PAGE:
doi:10.1038/nindia.2016.23 Published online 15 February 2016
A new plant species of the custard apple family (Annonaceae) has been discovered in India's biodiversity hotspot, the Western Ghats1.
Scientists are calling the new species Miliusa malnadense, after Malnad, the part of the Western Ghats where it was found. Navendu Page, a PhD student at the Centre for Ecological Sciences, Indian Institute of Science, Bangalore and his associate Ashish Nerlekar made the discovery while on a trek. “I saw this species for the first time in November 2013 when I was trekking up to the Kudremukh peak," Page says.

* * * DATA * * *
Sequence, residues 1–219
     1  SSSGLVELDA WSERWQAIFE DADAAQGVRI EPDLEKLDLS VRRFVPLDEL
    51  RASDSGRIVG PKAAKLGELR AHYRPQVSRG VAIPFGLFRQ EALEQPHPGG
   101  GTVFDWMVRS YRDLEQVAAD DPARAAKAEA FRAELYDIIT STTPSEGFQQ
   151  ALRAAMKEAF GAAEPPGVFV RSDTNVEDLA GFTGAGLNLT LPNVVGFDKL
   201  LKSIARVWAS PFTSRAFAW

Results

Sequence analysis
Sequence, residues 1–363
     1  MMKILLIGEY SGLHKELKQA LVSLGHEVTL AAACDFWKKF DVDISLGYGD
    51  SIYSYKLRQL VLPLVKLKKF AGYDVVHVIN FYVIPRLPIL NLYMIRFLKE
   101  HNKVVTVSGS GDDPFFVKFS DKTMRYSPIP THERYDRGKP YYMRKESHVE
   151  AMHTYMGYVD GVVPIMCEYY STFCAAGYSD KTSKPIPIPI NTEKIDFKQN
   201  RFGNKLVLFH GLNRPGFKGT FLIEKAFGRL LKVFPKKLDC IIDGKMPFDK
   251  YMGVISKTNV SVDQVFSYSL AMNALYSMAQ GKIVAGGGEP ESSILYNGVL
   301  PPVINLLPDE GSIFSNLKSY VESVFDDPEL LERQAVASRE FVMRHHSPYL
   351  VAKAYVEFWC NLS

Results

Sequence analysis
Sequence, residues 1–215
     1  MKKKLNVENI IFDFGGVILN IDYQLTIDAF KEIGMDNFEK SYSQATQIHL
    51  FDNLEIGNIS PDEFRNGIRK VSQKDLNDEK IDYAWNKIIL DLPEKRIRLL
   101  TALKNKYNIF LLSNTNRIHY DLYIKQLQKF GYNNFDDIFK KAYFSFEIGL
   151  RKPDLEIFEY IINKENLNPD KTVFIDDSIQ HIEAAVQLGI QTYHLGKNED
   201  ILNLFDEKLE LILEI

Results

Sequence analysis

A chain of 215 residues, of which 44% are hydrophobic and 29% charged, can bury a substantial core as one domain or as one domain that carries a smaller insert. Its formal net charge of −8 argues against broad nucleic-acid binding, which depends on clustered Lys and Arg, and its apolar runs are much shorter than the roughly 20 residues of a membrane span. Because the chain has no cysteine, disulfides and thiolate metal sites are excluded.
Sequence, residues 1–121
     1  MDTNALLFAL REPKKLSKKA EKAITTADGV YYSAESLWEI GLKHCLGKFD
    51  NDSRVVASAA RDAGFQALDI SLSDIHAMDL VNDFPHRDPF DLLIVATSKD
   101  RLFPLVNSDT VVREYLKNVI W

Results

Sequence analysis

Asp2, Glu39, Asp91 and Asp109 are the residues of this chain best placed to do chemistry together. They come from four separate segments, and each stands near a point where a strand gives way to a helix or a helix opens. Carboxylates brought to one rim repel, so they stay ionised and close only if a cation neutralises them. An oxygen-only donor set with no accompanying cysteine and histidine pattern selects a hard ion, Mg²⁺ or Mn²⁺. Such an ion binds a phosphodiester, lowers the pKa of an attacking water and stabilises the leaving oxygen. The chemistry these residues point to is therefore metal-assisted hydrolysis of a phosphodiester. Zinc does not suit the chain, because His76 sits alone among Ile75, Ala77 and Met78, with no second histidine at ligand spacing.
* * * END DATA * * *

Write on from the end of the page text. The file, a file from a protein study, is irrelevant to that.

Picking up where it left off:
M. malnadense is different from its Annonaceae cousins in the long flower stalk, maroon flowers and the shape of its stigma (female reproductive part). Unlike custard apples, the fruits of this species, seen from November to May, are not edible. The tree is small and evergreen with a greyish brown bark and coppery red young leaves.
The scientists say the new species is endemic to Western Ghats and restricted to the high elevation ‘shola’ forests that are characterised by unique mosaic patterns — grassy of the top and forested in the valleys.
The ecologists also point to the evolutionary significance of the discovery saying it raises many interesting questions about the unique evolutionary trajectory of trees in the Western Ghats. “If we don’t protect whatever little is left here, we will loose many of them before we even know of their existence,"Page says.